It should also be acknowledged that Semenya, as a gay Black woman with huge success and global attention, is subject to a level of scrutiny that most athletes are not. These laws instilled by CAS and the IAAF have singled her out due to the way her identities intersect and challenge narrow conceptions of womanhood. Through their handling of this case, the CAS, IAAF and international media outlets have reduced Semenya to gross stereotypes, making her out to be “too masculine” and thus jeopardizing the integrity of women’s sports.

The way Semenya’s story has been portrayed by numerous sources, both directly and indirectly involved with the court case, has falsely led some to believe she is transgender. Of course, transgender athletes also have difficulty navigating the gender-binary world of professional sports, as they are subjected to similar policing of their bodies and abilities — this should not be ignored. But the conflation of these issues show how little some of Semenya’s critics actually understand the nature of anatomical and physiological diversity, and how readily they ignore the fact that Semenya was assigned female at birth and identifies as such.

Semenya and the rest of the world are being told by the CAS that her inclusion threatens the impartiality of women’s athletics due to her so-called “genetic advantage.”

At this point, it is important to note that there are many Olympic athletes who have “genetic advantages” that have only been praised. The most successful Olympian to have ever lived, United States swimmer Michael Phelps, produces about half the lactic acid that his average competitor does, in addition to having other physical quirks — such as his enormous arm span — that are physically rare and advantageous. This means that, while swimming, he can keep muscle fatigue at bay for much longer than is generally normal in human beings. Similarly, small statures are suited to gymnastics. Fellow United States Olympian Simone Biles is a full-grown adult at just 4-foot-8-inches tall, meaning she is shorter than 99.75 percent of American adult women. For comparison, 5–10 percent of adults assigned female at birth experience hyperandrogenism, the same condition that Semenya has.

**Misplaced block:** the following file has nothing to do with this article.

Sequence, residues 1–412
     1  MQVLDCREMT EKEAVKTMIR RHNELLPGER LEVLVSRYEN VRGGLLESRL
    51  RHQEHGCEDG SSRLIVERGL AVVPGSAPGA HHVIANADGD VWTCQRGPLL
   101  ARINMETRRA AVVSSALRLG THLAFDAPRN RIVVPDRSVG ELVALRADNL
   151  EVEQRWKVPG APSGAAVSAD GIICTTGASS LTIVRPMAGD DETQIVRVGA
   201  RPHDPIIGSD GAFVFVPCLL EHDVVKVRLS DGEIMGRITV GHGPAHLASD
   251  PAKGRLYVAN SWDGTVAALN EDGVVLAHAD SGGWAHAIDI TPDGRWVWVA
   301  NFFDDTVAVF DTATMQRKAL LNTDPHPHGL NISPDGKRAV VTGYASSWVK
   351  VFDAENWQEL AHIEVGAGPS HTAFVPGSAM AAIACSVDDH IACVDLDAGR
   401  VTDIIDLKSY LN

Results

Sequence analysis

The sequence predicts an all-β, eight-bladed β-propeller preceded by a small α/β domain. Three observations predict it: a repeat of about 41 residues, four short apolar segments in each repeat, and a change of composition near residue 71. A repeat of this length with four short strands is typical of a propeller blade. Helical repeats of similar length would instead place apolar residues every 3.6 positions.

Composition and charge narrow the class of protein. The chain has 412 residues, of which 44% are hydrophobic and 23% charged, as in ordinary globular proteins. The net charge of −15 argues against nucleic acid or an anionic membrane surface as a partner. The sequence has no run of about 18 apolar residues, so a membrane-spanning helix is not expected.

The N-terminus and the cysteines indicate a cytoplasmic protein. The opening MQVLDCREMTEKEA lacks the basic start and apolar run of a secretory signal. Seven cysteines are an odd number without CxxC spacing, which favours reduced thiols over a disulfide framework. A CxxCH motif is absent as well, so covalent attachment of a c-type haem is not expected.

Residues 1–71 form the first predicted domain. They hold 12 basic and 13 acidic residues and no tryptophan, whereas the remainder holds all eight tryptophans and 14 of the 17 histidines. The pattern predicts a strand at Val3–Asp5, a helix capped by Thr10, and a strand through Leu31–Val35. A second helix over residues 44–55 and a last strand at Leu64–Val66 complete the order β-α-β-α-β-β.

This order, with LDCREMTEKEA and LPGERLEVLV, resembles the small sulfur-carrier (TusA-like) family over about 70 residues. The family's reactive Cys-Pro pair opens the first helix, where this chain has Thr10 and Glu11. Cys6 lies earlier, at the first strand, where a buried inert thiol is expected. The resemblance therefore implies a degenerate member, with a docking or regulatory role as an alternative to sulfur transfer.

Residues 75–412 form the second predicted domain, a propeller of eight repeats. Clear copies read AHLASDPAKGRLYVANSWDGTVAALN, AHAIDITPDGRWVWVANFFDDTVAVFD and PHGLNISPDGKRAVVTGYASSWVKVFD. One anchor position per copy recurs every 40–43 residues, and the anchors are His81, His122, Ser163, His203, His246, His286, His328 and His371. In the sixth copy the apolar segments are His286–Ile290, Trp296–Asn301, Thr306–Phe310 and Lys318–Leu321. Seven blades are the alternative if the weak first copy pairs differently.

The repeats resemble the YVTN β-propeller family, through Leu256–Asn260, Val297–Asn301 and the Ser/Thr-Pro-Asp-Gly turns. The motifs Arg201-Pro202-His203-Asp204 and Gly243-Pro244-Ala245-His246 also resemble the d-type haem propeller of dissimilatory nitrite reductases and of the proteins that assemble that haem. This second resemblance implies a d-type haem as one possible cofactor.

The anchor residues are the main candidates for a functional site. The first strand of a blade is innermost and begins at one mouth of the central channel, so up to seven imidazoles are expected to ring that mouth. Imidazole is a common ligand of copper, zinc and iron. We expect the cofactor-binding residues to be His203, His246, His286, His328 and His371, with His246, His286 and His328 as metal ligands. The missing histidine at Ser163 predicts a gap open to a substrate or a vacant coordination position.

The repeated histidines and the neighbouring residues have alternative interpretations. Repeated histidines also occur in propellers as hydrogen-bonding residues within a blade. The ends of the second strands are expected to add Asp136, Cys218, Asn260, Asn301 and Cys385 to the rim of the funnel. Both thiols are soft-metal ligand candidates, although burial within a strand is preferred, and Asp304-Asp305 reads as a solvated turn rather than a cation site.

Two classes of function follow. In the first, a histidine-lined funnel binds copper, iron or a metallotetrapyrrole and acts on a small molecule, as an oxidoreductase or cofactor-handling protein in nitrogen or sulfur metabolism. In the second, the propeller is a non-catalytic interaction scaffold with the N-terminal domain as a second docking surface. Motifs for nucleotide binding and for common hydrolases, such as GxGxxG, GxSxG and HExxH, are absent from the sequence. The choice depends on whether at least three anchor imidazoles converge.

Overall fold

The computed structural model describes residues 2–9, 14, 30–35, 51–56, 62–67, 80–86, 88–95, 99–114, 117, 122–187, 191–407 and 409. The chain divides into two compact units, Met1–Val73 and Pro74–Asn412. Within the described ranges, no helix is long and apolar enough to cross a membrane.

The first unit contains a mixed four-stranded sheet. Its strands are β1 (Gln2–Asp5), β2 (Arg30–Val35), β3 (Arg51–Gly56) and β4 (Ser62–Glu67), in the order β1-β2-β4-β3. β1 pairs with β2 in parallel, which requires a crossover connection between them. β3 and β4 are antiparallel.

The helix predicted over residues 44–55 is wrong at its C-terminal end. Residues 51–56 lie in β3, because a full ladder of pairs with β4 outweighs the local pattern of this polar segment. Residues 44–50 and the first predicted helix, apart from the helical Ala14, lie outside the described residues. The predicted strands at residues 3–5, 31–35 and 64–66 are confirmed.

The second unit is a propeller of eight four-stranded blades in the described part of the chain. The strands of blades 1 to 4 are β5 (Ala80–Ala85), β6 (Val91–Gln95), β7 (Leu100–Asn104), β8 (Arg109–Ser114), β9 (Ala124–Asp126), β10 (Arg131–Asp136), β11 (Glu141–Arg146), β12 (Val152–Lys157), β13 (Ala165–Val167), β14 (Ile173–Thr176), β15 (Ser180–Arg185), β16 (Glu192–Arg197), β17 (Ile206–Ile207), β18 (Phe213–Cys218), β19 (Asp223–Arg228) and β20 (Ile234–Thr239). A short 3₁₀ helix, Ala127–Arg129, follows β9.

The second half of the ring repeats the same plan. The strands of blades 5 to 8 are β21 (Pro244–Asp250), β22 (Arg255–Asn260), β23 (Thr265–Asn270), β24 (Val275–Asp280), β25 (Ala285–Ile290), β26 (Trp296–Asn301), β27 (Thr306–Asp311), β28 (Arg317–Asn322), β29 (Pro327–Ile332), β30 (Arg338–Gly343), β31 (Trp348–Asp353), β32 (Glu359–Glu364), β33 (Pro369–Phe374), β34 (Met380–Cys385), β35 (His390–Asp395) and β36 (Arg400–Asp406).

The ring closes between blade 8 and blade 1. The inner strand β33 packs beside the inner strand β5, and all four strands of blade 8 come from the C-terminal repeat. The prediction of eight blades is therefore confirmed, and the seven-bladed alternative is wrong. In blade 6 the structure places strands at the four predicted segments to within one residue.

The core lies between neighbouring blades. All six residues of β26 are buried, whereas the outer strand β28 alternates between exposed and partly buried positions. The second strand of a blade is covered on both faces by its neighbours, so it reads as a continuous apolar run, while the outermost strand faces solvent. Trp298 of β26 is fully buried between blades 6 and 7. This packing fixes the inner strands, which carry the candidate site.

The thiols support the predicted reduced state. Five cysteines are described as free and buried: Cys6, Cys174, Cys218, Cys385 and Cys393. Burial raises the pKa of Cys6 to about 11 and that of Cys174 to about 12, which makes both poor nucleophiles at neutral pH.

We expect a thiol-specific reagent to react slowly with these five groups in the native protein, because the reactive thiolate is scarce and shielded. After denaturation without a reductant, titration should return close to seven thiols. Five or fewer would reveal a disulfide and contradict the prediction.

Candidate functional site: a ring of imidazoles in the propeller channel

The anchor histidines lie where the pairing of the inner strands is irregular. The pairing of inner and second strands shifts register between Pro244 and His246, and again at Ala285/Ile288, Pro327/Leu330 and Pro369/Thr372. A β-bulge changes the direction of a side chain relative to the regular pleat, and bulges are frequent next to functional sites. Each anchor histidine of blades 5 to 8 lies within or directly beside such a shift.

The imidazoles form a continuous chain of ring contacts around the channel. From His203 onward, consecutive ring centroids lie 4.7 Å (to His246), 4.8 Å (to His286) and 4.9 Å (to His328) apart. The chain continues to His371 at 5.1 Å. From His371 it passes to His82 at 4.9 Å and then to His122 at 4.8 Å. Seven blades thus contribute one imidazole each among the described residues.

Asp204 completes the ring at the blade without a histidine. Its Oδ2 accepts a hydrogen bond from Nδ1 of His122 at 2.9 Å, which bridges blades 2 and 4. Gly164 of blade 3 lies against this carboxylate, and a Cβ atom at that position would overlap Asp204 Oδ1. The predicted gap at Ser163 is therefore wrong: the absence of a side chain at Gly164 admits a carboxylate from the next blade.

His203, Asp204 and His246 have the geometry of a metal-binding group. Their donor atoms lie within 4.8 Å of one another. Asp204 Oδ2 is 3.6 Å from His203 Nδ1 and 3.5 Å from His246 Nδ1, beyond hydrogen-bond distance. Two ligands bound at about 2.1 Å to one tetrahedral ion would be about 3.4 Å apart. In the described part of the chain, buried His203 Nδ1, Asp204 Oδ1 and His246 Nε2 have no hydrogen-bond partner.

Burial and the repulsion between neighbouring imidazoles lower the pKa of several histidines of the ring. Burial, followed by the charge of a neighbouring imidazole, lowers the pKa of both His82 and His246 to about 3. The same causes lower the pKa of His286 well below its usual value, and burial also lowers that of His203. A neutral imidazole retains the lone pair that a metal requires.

Given the vast diversity of human biological traits, why is it that intersex conditions are treated as “unfair” when other statistically low features are not? If there are so many kinds of genetic quirks may assist athletes in their respective sports, what is really the problem?

In an article written for The Guardian, former professional Australian middle-distance runner Madeleine Pape, who lost to Semenya in Berlin and has since become a sociologist, articulated the heart of the issue perfectly.

“As a sociologist, I have now spent several years immersed in this issue,” Pape wrote. “I have seen so many echoes of my own experience in Berlin: an astounding lack of information, an absence of alternative viewpoints, a fear of the unknown, weak leadership from national and international governing bodies, and a stubborn refusal to dig a little deeper and reflect critically on where their views come from and what biases might be underlying them.”

It is important to keep this conversation going so that the public can begin to understand what is wrong with the depiction of the issue — that is, that Semenya’s case is not to “protect” women’s sports, but is rather to suppress the success of a Black, intersex, lesbian woman on the grandest of scales. Although it is easy to get lost in the individual nuances and labels applied to this debate, the reality that Semenya is a human being, just like everyone else, should not be forgotten.